More On Color Management

by James Duncan Davidson

Two weeks ago, I wrote that Color Management is Essential. The resulting comments, as well as personal discussions, I've had since then have been interesting indeed. One of the biggest questions that I've gotten has been: "So, what exactly makes a more expensive calibrator better? Why does it make better profiles?"

There are two parts to answering this question. The first is that you'd expect that the more expensive calibration units, such as the Gretag Macbeth Eye One Display 2 would have better hardware than the lower end units, such as the huey. It's not necessarily the case, but you'd at least expect it.

The second part of the question is on the software side. When the heuy profiles a display, it samples fewer colors than when the Eye One Display 2 does its profiling. I've not compiled a list of the color swatches being used as they go by, but from casual observation the heuy seems to spend most of its time profiling luminance values by using grey swatches and then uses a few red, blue, and green samples to catch the color information. By contrast, the Eye One Match software for the Display 2 calibrator seems to roll through an entire Pantone swatch book. Well, not really, but its sampling a lot more colors than the heuy does. By definition, more samples should equal a better profile.

6 Comments

Daniel Mendez
2006-12-05 06:57:24
It is my understanding (which could be incorrect) that Apple profiles their displays and LCD panels on the laptops right from the factory. Do you find that you need to calibrate yours right away or even after a few months of use?


Let's say you are taking photos at an event and you have your laptop with you. The hotel room's lighting is different from another room you may be at during the day, etc. Do you calibrate everytime you go to a different location? Would that not take a long time?

James Duncan Davidson
2006-12-05 19:08:12
There are profiles for the Apple displays built into the system, but those color profiles are just a first step. They'll get you into the door, but they won't do the job for making sure that you can reproduce the colors you'll get on prints and on other calibrated monitors. Also, monitors "drift" over time. Some people I know calibrate every week. Some every month. I do it every time I change conditions or every couple of weeks.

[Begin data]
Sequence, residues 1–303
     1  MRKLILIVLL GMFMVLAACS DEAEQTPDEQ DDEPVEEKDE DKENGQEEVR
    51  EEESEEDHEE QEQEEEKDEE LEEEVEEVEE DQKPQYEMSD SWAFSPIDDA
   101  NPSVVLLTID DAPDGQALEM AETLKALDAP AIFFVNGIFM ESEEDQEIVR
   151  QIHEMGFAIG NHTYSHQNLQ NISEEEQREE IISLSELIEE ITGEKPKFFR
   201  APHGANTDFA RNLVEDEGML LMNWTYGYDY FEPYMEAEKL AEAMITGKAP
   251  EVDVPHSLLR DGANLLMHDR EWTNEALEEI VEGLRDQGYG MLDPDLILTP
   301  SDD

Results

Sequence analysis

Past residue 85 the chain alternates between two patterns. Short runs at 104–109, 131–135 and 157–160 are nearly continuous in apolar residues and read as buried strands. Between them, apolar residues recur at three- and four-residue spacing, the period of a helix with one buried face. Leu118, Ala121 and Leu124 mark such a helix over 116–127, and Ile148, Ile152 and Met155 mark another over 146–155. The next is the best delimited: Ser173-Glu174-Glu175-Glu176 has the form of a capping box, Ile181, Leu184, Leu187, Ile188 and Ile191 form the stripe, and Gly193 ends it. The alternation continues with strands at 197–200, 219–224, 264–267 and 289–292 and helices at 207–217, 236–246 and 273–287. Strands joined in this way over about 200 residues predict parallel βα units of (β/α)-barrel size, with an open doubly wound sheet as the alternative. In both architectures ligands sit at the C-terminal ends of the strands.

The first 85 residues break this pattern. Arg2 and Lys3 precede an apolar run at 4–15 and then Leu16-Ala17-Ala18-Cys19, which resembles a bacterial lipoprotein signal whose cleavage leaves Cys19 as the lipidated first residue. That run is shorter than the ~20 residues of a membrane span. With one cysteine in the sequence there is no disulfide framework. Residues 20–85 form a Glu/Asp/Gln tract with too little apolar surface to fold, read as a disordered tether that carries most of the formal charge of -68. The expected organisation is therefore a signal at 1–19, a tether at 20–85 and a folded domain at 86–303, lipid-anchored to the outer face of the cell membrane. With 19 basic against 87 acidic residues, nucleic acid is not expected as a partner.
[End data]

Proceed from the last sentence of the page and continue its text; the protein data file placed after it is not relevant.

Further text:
As far as calibrating laptops--I do it because I do so much work on them. But, laptop displays are horrid for rendering accurate color compared to desktop sized displays. They don't have anywhere near the brightness range nor the color gamut. At least not in my experience. But, when you're in the field, the laptop is what you have. I profile the laptop mostly to make sure that I'm not doing anything too crazy with adjustments.


Calibration doesn't take long. The huey calibrates in just a minute or two. The Monaco Optix and Eye One Display 2 take a bit longer, but no longer than it takes to go grab a coffee.

anthony
2006-12-06 18:04:57
Per this and your last blog entry on the subject.... I'd love to see your/others thoughts on color calibration for glossy screen MBPs. I currently don't have one, but am thinking that's my route for upgrades when Santa Rosa/Blu-Ray are available (I have my reasons...). I do some amateur photo shooting and editing with Aperture and a Canon DSLR, and would love to imagine that I could use this machine to do more than "workable" with it. From my test experience at apple stores, I prefer the glossy as the colors look more "True;" less washed-out. But others seem to say nay-nay and that color management is bad?


So what's the REAL deal?

James Duncan Davidson
2006-12-06 23:21:47
The glossy screen appears to me to be more contrasty and give more "pop" to colors. But, as I've only looked at one briefly in a store, I can't really speculate on the REAL deal. Hopefully, somebody else can chime in.
Ask Bjørn Hansen
2006-12-07 00:41:47
It is my understanding (which could be incorrect) that Apple profiles their displays and LCD panels on the laptops right from the factory. Do you find that you need to calibrate yours right away or even after a few months of use?


FWIW, I noticed that the Huey didn't change my colors much on my MacBook Pro whereas on my Dell 30" display it made a huge difference.



- ask

James Duncan Davidson
2006-12-07 23:56:31
Ask: That's an interesting observation. It means that, at least at this point in the life of your MBP display, the Apple provided profile is somewhat close.


BTW, I've posted a bit more about the differences betweeen heuy created profiles and ones from an Eye One:


http://blog.duncandavidson.com/2006/12/eyeone_vs_heuy.html